As we survey the aftermath of the recent 2012-2013 NHL labour lockout, viewing this DVD set brought back wonderful memories of seven very brief years when the National Hockey League was not the only game in town.
With exclusive videos of WHA championship victories by the Quebec Nordiques and Winnipeg Jets, the DVD also presents a WHA All-Star game and the little-known exhibition win by the New England Whalers over the Soviet National hockey team.
For me, the highlight of the set is an exclusive interview with Bobby Hull, whose defection from the Chicago Blackhawks rocked the NHL and brought viability to the fledgling World Hockey Association in 1972. Bobby shares a great story about how mavericks "Wild Bill" Hunter and Ben Hatskin inadvertently pushed NHL moguls to get involved in the Canada-Russia Summit Series in 1972. The NHL was in its own little world, but before it was too late they foresaw there could be North American involvement in international hockey without them unless they pushed to the front of the line.
The series was woefully ill-timed, as the senior league still relied on predictable and easy-to-defend "linear" hockey, clearly icing an ill-prepared all-star squad, but hockey history was unfolding before our eyes. As time wears on, the Canada-Russia series of '72 remains one of Canada's fondest national memories.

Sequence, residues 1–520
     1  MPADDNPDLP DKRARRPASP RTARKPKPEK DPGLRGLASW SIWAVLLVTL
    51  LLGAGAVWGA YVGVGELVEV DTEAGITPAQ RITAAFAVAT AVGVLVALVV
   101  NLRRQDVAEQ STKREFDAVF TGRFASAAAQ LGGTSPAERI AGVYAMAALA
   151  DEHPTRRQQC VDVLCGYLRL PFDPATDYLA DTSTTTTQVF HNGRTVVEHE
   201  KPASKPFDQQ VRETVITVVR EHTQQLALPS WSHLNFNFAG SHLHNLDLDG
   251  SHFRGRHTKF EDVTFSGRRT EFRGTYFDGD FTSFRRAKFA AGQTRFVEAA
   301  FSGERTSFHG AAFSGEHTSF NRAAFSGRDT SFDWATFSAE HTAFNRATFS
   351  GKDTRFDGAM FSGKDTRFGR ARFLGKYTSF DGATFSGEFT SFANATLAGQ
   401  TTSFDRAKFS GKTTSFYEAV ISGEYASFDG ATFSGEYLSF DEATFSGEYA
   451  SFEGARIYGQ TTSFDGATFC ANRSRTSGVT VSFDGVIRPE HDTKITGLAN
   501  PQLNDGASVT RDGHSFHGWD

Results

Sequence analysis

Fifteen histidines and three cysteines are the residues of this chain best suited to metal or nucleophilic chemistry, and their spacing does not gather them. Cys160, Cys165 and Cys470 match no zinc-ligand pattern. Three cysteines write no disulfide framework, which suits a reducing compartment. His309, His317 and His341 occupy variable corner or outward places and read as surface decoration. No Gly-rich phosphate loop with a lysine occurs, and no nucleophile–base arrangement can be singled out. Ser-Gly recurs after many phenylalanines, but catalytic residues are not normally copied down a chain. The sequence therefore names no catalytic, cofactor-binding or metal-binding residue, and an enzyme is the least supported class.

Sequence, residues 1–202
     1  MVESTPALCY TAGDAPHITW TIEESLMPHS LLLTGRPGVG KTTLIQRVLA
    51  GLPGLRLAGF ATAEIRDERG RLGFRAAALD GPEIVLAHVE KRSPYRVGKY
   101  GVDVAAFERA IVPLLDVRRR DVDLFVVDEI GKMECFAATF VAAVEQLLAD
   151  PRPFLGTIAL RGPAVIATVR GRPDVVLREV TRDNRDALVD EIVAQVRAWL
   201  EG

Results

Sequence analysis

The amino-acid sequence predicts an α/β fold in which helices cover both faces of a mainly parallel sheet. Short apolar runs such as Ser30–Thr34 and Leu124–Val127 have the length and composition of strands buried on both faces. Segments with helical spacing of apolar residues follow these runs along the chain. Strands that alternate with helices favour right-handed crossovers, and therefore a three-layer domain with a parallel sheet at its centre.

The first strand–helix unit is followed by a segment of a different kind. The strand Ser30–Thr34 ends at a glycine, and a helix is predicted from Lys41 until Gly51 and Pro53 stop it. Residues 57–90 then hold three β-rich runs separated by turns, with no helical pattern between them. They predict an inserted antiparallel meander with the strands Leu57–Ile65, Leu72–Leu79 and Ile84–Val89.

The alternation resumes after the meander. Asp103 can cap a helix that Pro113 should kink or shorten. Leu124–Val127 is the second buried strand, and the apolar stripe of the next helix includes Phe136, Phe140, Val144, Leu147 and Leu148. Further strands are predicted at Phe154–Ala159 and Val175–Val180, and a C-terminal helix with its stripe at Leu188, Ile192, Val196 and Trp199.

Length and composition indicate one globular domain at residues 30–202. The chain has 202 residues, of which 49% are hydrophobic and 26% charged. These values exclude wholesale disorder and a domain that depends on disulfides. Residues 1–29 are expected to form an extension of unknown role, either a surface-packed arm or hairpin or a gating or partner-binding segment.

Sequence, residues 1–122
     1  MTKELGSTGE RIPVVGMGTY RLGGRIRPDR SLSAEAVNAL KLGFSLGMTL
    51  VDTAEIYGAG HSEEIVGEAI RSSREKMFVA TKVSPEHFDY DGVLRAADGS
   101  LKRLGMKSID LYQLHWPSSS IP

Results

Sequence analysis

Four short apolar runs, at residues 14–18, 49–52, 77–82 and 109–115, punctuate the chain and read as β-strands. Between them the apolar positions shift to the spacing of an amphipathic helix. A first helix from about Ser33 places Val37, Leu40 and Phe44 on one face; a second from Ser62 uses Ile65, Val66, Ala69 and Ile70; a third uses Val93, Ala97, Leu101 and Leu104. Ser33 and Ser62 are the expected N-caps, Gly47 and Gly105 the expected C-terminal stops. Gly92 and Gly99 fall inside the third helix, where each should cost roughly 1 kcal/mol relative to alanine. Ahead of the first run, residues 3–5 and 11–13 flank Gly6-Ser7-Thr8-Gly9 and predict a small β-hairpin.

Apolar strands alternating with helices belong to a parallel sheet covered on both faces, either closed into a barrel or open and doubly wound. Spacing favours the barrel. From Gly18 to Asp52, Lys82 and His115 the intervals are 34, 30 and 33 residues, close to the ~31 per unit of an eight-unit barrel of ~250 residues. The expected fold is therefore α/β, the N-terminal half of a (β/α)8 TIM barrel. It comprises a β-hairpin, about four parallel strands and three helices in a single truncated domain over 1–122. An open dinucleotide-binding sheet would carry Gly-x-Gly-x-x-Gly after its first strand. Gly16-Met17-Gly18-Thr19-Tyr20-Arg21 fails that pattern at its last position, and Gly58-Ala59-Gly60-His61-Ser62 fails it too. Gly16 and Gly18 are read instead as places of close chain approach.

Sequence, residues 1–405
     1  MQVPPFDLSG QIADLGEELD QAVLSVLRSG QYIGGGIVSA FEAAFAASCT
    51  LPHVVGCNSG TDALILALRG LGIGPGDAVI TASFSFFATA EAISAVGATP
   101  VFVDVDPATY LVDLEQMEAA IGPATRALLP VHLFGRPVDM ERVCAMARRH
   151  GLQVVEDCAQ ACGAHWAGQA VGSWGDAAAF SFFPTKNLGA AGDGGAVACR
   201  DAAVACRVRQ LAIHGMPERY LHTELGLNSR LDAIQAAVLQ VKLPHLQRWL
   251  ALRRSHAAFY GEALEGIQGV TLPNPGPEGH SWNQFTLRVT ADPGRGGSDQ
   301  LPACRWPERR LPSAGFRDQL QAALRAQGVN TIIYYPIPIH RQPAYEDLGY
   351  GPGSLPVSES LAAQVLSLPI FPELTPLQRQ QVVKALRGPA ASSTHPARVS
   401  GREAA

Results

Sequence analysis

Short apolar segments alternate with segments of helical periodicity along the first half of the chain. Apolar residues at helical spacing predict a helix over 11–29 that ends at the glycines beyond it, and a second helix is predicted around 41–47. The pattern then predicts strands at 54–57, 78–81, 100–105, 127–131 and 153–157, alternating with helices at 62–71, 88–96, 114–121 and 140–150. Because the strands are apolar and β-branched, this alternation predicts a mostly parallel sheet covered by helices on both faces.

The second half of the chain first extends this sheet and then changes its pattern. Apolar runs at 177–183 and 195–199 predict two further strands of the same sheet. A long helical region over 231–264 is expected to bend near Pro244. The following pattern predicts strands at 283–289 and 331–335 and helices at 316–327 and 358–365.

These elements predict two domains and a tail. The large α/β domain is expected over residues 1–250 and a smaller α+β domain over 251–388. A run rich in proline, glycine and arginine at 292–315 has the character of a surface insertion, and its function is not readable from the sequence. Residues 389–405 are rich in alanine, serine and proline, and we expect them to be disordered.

The WHA not only opened up hockey, but perhaps the world also. Starting with western European players, eventually players defected from Czechoslovakia and Russia.
Entering with a bang, the rival league went down with a whimper, ending up with only 4 of their franchises being absorbed in a 1979 "expansion." Of these four (Winnipeg Jets, Edmonton Oilers, Quebec Nordiques, Hartford Whalers), only the Edmonton franchise survived. The NHL vanquished its rival, almost completely erasing memory of it, but the 7-year blip made for many great hockey memories.
I am disappointed and frankly, greatly surprised, no WHA Hockey tapes survived from Global TV's 1970s coverage of the Toronto Toros! Does anyone remember the broadcasting troika of Mike Anscombe, Carl Brewer and Bill Bird, covering the Toros weekly from a half-full/half-empty Maple Leaf Gardens, icing luminaries like Shotgun Tommy Simpson, Frank Mahovlich, Paul Henderson, Les Binkley, Vaclav Nedomansky, Gilles Gratton, Dave Tataryn, Greg Neeld and Carl Brewer (called out of retirement)? I suspect that not all of the games disappeared and if my hunch is right, they are probably occupying some lucky person's library as I type. Alas, perhaps we'll never know.